Ricardo Patiño’s remarks about Assange case

18 August 2014

Transcript of remarks by Ecuador’s Foreign Minister Ricardo Patiño at press conference held at Ecuadorian Embassy in London this morning.

See also Julian Assange’s remarks at the same press conference and this article by Patiño in the Guardian.

[First remarks missing]

On the other hand there have been a series of reforms in the British legal framework on extradition.

With these reforms, the current legal framework in this country in principle would prevent the extradition of people who have not been formally charged by a judge and this is of course the case with Julian Assange. These reforms were enacted in 2014.

Let us recall that at the time several judges in the British supreme court spoke out against the extradition of Julian Assange precisely because no judge had accused him formally of anything.

It is a fact that with the recent legal reforms it is likely that the British Authorities would have rejected a request to extradite Assange to Sweden if it had been lodged today.

And Ecuador is currently studying the consequences of these recent changes on the issue at hand today.

In any case, we believe that these are relevant changes because they may facilitate greater understanding with the British government.

As you know we initially agreed on setting up a joint working group precisely a year ago.

However, as we were trying to define the scope of this working group, we found that the British side only wanted to engage with a legal [missed] not a political one.

And in a sense we would like to thank the London government for their good will in wanting to extend to us once again the legal framework in which they move.

However, we have understood it.

What matters now is trying to find where British and Ecuadorian law may overlap, the interface, so we can come up with political solutions to this impasse.

Much has changed over these last two years.

Although regrettably, the repeated rejections of the Swedish prosecutors to take advantage of the legal cooperation offered by Ecuador have not changed.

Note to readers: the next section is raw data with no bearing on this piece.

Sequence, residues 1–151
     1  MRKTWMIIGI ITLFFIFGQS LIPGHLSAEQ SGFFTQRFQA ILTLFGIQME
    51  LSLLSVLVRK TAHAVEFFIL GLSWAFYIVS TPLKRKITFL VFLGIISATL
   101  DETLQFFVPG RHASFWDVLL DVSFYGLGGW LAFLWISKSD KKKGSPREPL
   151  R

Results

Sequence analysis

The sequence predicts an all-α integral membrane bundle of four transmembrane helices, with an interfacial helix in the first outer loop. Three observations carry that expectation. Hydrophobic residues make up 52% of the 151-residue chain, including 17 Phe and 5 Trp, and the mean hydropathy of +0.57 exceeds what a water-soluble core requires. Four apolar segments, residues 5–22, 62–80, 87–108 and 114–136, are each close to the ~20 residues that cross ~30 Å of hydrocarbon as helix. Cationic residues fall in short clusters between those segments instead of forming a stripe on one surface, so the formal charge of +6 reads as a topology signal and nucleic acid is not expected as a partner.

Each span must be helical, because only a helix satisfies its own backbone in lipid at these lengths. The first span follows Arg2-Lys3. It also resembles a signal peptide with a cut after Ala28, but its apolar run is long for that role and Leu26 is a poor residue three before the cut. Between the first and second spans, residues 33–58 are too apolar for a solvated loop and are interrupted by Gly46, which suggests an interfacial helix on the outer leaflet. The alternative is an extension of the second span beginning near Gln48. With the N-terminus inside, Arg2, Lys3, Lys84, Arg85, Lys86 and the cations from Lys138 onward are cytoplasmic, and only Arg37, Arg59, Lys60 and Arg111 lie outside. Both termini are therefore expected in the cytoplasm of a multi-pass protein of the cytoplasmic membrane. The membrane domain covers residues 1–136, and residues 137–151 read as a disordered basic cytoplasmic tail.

And the offer of legal cooperation extended by Ecuador was one that respected both the Ecuadorian legal framework and the Swedish and European ones.

And so, over these last two years, the effective legal protection of Julian Assange has been breached.

And over these last two years the two Swedish women who are accusing Julian Assange have not seen any progress in the investigation either.

These have been two lost years for everyone.

These have been two years of great uncertainty and lack of legal protection for everyone. There has not been justice for anyone.

The situation must come to an end.

Two years is simply too long.

It is time to free Julian Assange. It is time for his human rights to be finally respected.

We once again call on the international community, particularly on journalists, to join a much needed international campaign to guarantee freedom and human rights for Julian Assange.

And to conclude, we reiterate the position of the Ecuadorian government.

We uphold Julian Assange’s status as a political asylee.

We continue to offer him our protection.

And we continue to be ready to talk with the British government and the Swedish government in order to find a solution to this serious breach of Julian Assange’s human rights which has been ongoing now for two years.

Thank you very much for your attention.

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